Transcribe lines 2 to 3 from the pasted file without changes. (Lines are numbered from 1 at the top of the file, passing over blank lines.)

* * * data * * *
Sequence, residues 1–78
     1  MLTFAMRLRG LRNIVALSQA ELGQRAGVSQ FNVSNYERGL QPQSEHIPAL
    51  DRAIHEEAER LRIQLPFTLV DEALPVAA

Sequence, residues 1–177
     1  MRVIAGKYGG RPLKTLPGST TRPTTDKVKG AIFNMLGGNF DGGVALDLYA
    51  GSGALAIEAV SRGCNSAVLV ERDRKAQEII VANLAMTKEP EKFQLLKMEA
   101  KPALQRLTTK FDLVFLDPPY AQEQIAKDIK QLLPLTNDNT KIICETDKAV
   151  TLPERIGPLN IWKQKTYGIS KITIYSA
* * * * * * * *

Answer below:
     1  MLTFAMRLRG LRNIVALSQA ELGQRAGVSQ FNVSNYERGL QPQSEHIPAL
    51  DRAIHEEAER LRIQLPFTLV DEALPVAA